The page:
Harnham Church of England Controlled Junior School
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About Harnham Church of England Controlled Junior School
Harnham Church of England Controlled Junior School
Harnham Church of England Controlled Junior School continues to be a good school.
What is it like to attend this school?
Pupils enjoy coming to school. This is reflected in their strong attendance.
In lessons, pupils engage well in their learning. Pupils are polite and respectful to each other and to adults. They have a thorough knowledge and understanding of the school's values.
These values drive leaders and teachers to improve the quality of education for pupils.
Leaders have high ambitions for pupils, including those with special educational needs and/or disabilities (SEND). Leaders have created an inclusive environment in which they flourish.
Teacher...s help pupils to read well and learn new vocabulary. Leaders ensure that teachers know what pupils should learn in all subjects.
Pupils take pride in the roles and responsibilities they can undertake.
These include house captains, members of the school council and librarians. Staff provide a wealth of wider opportunities, such as trips, for pupils.
The great majority of pupils behave well, but some need extra help to meet teachers' expectations.
Leaders provide support to these pupils to be more successful in class. Pupils report that there is very little bullying in school.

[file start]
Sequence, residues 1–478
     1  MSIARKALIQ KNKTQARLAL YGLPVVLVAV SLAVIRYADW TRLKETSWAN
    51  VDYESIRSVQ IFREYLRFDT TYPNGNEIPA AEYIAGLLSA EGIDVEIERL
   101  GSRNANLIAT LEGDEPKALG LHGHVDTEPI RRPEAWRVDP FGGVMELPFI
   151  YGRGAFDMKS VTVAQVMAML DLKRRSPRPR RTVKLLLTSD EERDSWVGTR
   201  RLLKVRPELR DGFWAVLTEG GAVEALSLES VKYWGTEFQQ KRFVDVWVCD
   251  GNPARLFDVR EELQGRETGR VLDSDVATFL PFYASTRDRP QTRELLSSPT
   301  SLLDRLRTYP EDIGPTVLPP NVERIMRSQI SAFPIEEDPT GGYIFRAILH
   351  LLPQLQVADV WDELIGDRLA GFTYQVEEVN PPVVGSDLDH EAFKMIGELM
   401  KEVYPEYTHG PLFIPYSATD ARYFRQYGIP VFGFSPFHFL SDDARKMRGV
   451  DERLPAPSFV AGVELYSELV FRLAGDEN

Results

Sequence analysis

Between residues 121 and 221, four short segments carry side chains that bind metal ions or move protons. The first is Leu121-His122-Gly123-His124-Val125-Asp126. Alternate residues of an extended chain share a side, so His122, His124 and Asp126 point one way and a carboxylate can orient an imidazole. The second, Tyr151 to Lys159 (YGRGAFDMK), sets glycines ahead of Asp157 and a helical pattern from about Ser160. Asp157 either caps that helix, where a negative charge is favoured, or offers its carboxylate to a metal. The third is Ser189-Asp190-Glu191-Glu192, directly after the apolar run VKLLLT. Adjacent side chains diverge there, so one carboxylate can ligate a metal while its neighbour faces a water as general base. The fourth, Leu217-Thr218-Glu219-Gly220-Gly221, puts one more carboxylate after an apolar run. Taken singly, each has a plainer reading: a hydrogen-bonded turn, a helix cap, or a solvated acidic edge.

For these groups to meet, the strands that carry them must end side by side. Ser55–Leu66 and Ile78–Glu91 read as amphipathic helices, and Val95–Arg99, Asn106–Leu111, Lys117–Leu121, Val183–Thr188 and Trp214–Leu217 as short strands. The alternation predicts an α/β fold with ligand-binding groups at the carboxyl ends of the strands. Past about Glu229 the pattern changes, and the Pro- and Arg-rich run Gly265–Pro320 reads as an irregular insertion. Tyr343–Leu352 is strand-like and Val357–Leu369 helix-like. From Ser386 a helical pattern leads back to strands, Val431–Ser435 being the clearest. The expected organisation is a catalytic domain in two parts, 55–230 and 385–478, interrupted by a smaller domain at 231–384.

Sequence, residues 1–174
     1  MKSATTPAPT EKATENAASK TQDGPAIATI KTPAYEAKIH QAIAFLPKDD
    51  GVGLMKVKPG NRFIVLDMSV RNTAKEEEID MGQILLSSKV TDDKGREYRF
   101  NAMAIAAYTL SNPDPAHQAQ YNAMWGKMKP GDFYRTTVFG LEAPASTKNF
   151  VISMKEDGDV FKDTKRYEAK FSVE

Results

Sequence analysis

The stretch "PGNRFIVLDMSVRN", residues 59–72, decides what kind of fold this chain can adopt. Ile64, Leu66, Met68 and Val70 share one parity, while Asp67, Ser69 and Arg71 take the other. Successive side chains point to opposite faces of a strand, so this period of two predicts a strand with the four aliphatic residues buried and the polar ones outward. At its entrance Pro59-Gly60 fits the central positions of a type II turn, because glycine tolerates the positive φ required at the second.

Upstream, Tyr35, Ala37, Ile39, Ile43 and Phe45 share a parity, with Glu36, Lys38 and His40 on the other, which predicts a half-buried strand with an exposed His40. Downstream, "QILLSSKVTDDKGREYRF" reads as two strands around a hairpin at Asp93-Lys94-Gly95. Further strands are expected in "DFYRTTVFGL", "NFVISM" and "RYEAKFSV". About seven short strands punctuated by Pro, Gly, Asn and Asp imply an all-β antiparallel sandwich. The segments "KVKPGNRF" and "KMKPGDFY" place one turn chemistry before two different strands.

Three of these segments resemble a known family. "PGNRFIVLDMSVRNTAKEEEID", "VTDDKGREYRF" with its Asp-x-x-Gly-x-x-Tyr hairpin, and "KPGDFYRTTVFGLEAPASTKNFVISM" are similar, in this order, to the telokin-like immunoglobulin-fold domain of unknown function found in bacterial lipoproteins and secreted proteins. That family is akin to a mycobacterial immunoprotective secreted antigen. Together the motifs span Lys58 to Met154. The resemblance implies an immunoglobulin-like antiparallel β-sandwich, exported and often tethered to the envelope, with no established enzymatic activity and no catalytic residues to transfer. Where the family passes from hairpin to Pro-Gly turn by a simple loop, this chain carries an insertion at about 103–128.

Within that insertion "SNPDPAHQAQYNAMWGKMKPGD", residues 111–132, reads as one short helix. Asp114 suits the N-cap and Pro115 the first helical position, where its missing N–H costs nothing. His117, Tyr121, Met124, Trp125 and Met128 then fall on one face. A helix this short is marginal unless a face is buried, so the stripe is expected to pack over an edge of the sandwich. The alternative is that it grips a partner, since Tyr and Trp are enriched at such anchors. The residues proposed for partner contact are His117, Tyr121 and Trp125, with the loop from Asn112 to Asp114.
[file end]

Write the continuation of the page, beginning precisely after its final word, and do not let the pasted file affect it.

Parents are appreciative of the school and how well staff look after their children.
Pupils are safe. One comment from a parent exemplifies this: 'A warm and friendly school with a good ethos and values'.
What does the school do well and what does it need to do better?
Pupils' well-being is at the heart of everything the school does.
Staff say that leaders care about the whole community. This is evident in the support that leaders give to the pupils and their families. Staff feel valued.
Governors are knowledgeable about their roles. They assure themselves that leaders' actions are making a difference to the quality of education for pupils. Governors complete regular training so they can fulfil their responsibilities well.
Leaders have prioritised the teaching of reading across the school. Teachers choose books carefully to broaden pupils' experience and understanding. Less confident readers receive extra support to help them secure their phonics knowledge.